Religion & Beliefs

What Not To Ask Jews in Public

I was recently at a Shabbat meal with a bunch of people from a mix of backgrounds, everywhere from pretty frum, to ‘not particularly interested in Judaism Jews.’ It was a really nice meal, marred only by a slightly awkward … Read More

By / July 9, 2007

I was recently at a Shabbat meal with a bunch of people from a mix of backgrounds, everywhere from pretty frum, to ‘not particularly interested in Judaism Jews.’ It was a really nice meal, marred only by a slightly awkward moment when a member of the latter group said, “So, are any of you guys shomer negiah?” The question was followed by a long uncomfortable pause as half of the members of the discussion considered hiding under the table. On the one hand, this question doesn’t bother me that much. I mean, I am actively not shomer negiah. I enjoy men almost as much as I enjoy Torah. I think tongue kissing is one of the greatest uses of free time, and I have yet to find a way to kiss a boy without touching him. On the other hand, depending on what company you’re in, saying, “I’m WAY not shomer negiah,” is equivalent to saying, “I’m a ho.” And even if you’re not concerned about the other people present judging you, there’s a possibility that they could extrapolate something from the fact that you are shomer negiah that might be misleading. You might, for instance, be a baal teshuva who’s taking on mitzvot slowly, and though you’ve taken on shomer negiah, you’re not yet fully Shabbat observant. If someone who heard you say you’re shomer negiah then saw you get in a car on Shabbat they might figure you were lying, and your credibility would be damaged. You also might not want to advertise the fact that you’ve sworn off sex. These things can be personal. My point is basically that there are some questions that you should probably not ask other Jews in public settings. It’s like asking someone’s salary, or what they got on their SATs. I’ve actually heard some rabbis say that asking anyone a public question about their observance is verboten, and I’m kind of on board with that. But here are some definitely touchy questions to stay away from: Are you shomer negiah? Duh.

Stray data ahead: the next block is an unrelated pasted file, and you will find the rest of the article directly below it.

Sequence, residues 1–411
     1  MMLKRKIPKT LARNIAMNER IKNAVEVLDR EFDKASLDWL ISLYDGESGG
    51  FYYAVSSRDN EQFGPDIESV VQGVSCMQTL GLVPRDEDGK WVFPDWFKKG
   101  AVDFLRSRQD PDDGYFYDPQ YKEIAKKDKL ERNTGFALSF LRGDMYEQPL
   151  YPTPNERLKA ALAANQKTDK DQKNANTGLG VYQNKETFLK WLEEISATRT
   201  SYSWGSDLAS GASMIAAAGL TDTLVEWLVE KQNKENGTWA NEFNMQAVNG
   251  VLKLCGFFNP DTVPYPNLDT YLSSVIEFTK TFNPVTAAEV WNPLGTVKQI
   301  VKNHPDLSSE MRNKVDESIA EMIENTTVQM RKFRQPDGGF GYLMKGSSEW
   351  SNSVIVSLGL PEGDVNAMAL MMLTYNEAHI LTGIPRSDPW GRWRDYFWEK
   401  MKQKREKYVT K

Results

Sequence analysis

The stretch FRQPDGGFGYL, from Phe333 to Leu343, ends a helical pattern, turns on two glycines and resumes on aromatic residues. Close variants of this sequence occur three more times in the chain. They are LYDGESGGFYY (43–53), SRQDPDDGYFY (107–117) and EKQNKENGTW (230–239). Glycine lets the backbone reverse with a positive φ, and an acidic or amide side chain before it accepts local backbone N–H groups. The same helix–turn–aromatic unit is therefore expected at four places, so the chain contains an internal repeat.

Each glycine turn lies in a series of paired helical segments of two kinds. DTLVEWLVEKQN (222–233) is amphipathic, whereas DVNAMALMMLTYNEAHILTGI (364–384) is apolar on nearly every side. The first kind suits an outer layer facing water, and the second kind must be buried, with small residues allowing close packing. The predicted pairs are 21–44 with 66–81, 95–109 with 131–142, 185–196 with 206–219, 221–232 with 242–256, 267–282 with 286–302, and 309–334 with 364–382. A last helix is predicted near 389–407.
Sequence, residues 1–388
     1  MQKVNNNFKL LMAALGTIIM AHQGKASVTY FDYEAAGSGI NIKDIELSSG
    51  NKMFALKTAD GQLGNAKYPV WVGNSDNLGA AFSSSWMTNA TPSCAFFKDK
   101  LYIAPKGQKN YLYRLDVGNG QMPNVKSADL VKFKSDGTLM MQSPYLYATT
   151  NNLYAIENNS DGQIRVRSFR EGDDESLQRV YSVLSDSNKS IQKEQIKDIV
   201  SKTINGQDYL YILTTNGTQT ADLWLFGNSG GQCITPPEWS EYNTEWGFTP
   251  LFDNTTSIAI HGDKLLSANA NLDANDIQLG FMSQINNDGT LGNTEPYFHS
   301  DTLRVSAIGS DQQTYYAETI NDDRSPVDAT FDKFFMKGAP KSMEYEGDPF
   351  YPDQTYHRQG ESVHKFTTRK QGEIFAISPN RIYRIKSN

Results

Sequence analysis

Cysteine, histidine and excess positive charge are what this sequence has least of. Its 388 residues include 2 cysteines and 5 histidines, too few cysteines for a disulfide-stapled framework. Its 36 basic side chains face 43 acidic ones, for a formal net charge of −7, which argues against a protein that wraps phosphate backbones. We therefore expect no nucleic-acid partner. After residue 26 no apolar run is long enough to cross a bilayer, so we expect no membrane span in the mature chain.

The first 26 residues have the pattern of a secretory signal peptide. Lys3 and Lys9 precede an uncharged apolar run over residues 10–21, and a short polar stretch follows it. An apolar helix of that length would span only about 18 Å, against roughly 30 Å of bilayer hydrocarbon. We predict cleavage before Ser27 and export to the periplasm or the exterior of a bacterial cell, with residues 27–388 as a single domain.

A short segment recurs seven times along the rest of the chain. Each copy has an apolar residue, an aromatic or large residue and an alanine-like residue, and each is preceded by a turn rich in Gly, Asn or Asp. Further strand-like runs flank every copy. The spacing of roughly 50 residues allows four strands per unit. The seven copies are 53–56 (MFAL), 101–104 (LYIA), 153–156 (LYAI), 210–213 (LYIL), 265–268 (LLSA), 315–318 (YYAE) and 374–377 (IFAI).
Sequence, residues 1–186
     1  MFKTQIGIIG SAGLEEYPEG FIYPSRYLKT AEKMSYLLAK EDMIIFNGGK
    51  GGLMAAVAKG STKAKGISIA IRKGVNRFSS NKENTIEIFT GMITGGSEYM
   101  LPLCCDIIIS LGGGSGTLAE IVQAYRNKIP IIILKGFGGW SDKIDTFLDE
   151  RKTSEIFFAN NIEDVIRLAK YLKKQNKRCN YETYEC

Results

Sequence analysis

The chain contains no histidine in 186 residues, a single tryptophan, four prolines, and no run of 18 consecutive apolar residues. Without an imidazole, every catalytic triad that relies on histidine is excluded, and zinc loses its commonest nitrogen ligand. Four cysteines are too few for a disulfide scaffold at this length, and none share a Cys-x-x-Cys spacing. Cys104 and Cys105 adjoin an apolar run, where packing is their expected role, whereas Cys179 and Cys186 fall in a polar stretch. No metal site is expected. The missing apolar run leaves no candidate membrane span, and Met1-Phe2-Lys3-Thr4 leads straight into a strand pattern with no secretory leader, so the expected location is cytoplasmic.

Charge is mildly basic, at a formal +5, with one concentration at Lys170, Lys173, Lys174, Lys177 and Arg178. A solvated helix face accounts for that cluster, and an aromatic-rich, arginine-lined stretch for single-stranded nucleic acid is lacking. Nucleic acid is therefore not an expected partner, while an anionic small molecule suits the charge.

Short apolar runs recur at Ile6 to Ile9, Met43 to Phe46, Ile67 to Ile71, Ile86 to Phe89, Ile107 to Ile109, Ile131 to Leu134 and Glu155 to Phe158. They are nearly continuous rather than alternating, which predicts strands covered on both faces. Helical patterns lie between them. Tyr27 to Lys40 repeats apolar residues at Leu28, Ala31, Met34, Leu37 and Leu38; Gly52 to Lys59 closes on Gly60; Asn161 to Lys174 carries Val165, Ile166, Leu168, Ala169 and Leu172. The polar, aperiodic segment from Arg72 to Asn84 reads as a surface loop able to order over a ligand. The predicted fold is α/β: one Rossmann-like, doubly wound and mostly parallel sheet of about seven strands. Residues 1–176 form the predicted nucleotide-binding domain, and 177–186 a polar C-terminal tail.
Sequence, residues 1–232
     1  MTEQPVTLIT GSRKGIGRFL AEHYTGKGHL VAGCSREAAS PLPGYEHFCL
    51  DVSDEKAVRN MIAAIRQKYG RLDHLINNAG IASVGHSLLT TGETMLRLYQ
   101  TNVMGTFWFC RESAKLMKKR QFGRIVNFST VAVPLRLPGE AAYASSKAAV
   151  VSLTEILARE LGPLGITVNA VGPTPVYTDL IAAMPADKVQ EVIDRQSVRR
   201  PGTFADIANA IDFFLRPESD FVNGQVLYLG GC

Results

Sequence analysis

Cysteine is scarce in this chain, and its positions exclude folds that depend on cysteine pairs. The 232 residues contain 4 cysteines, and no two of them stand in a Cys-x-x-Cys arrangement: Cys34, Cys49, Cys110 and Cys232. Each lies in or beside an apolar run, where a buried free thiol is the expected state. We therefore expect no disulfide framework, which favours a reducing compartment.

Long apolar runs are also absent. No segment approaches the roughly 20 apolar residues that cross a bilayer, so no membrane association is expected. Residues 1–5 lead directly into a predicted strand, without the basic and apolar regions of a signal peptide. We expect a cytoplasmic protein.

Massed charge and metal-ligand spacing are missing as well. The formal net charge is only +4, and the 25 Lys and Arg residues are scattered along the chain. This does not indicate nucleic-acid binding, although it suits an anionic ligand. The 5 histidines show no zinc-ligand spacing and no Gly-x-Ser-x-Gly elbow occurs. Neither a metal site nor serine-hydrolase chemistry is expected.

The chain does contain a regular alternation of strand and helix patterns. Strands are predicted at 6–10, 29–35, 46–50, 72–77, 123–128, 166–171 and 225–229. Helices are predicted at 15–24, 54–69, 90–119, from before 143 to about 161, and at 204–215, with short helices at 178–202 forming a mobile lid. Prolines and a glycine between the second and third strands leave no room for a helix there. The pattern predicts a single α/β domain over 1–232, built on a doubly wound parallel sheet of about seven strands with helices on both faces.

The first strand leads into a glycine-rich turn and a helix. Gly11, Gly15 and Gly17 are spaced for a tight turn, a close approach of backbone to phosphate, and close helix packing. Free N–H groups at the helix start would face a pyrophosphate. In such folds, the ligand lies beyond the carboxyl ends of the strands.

Are you shomer Shabbat? This is a problem because it could end badly, and also because they might say yes, and then later you find out that they don’t keep Shabbat up to your standards or vice versa. Do you keep kosher? Again, what does this even mean? There are different opinions, so even if someone was comfortable enough answering, the answer might not be helpful. Why don’t you daven at X? The answer could easily be, “My ex-husband davens there, and it’s awkward for me.” Whoops. Don’t you think Rabbi X is an asshat? What if they don’t? Do you go to the mikvah? Why not just ask what brand of tampons she uses?

These are all questions that you might be able to ask privately without offending. And if it’s the rabbi of the community, though it’s still probably in poor form to ask publicly, his or her answers are more likely to be in the public domain than those of Joe Schmoe who you met at shul. Then again, if the meal is going poorly, and somebody just made you cry, I say bring out the big guns:

“So, how’s your sex life?”